1:27 Pure religion and undefiled before God and the Father is this, To visit the fatherless and widows in their affliction, and to keep himself unspotted from the world.
Vivek Sankaran is a clinical professor of law at the University of Michigan Law School, and he directs both the Child Advocacy Law Clinic and the Child Welfare Appellate Clinic, through which law students represent children and parents in trial and appellate proceedings.
Professor Sankaran understands the failures of today’s foster care system better than most people in the U.S. do, and he has written:
The United States destroys more families than any other country in the world. While our Supreme Court has recognized that a parent’s right to care for her child is one of the oldest and most fundamental rights recognized by our Constitution, our federal child welfare policy is centered on the destruction of families.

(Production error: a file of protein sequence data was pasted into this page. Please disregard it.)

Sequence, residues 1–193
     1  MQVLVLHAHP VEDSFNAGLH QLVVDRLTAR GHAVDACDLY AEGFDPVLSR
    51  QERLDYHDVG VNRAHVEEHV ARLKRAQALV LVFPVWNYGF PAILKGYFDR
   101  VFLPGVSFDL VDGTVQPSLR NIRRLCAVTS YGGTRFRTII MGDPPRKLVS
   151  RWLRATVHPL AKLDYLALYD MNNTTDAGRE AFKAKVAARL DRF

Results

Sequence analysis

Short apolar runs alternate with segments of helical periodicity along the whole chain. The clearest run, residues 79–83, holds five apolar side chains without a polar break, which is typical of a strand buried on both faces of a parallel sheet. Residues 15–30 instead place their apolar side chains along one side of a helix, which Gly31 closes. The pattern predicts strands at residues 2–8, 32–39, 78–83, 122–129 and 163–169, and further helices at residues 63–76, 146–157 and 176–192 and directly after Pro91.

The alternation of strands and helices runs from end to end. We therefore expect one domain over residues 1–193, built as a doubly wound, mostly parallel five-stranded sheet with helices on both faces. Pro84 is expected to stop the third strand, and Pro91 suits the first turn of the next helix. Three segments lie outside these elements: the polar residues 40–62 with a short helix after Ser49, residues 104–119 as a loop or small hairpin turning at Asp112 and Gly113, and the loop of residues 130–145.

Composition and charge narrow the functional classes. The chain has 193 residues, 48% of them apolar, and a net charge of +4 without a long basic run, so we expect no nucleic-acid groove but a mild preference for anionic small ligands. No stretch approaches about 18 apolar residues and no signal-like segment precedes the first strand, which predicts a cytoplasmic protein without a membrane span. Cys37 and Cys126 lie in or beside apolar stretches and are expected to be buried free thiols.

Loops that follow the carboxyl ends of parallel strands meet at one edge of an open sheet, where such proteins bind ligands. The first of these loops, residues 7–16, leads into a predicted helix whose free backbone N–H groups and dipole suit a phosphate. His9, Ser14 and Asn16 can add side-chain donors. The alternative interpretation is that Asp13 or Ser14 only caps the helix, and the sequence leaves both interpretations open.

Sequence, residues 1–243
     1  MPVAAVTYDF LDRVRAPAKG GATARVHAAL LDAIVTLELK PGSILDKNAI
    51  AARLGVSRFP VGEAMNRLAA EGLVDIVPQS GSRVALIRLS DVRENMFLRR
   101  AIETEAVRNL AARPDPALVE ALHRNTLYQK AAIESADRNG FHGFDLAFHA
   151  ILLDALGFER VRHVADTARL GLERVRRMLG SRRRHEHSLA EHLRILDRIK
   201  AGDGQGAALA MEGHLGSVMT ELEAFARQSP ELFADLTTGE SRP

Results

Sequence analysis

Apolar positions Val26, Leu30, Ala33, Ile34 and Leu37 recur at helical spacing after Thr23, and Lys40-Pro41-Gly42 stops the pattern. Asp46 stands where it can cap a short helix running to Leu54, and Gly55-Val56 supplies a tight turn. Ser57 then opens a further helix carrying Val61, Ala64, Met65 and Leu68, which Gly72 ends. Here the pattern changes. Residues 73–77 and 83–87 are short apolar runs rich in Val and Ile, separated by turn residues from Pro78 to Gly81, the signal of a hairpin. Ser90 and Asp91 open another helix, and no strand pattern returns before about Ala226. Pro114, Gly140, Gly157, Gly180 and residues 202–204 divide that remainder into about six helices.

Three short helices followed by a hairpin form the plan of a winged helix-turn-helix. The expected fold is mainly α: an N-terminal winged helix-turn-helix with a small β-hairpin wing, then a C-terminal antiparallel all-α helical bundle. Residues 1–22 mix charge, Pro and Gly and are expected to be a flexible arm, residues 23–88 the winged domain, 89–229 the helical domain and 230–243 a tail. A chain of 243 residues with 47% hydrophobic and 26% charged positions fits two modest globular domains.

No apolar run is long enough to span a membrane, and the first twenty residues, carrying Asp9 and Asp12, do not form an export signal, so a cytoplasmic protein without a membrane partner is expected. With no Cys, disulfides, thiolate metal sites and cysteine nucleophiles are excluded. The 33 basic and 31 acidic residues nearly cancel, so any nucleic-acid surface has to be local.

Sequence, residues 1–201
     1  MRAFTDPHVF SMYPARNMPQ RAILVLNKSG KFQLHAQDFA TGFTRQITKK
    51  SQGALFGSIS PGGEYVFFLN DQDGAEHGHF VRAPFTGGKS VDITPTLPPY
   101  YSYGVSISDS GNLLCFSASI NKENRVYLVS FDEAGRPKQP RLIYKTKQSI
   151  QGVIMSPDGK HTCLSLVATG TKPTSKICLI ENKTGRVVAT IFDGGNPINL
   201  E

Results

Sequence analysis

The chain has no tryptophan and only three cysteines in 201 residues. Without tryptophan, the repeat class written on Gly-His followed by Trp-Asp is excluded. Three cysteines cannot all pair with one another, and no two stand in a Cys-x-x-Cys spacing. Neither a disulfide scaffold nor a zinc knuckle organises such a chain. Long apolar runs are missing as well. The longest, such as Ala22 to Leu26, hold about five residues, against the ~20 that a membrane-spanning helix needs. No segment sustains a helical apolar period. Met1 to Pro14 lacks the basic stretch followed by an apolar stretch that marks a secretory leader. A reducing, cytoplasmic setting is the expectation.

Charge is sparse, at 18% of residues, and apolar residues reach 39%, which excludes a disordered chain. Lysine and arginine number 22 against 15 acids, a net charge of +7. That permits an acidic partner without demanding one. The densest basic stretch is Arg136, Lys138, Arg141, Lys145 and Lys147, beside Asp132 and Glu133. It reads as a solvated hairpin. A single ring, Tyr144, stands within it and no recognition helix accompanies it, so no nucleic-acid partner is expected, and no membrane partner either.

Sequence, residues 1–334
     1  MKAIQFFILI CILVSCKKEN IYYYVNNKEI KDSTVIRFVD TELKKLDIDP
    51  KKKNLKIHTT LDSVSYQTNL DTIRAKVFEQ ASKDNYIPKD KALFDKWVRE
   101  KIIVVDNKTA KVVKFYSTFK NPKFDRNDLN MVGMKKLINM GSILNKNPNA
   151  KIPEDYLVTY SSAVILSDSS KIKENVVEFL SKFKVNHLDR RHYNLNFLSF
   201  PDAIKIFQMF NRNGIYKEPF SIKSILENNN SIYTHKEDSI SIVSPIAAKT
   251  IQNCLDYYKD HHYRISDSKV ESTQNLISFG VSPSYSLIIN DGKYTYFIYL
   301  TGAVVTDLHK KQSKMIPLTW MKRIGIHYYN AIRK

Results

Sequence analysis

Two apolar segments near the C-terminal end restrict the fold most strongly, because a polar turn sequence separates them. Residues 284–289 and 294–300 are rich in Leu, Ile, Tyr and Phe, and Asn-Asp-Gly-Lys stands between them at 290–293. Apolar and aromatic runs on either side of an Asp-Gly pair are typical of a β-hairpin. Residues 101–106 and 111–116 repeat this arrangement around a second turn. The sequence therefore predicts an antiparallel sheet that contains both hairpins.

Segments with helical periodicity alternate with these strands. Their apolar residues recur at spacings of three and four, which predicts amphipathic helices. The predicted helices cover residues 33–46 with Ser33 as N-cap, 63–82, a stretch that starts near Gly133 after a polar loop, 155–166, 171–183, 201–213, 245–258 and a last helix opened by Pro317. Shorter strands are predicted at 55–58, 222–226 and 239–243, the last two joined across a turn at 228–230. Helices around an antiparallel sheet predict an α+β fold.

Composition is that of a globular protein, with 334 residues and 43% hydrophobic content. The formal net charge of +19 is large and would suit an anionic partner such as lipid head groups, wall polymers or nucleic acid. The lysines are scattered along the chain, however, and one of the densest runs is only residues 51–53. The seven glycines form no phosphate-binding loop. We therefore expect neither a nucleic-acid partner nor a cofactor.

Once a child enters foster care, federal law places strict time frames of how much time a court can give a parent to reunify with their child. If that time elapses, the law prioritizes terminating that parent’s rights so that the child may be freed for adoption.
In fact, states are given financial incentives to make that happen. The more adoptions they process, the more federal funds they receive. Other options can only be pursued after the child welfare agency rules out destroying the family.
But what are the hidden costs created by this sprint to termination? Are we unnecessarily depriving children of important
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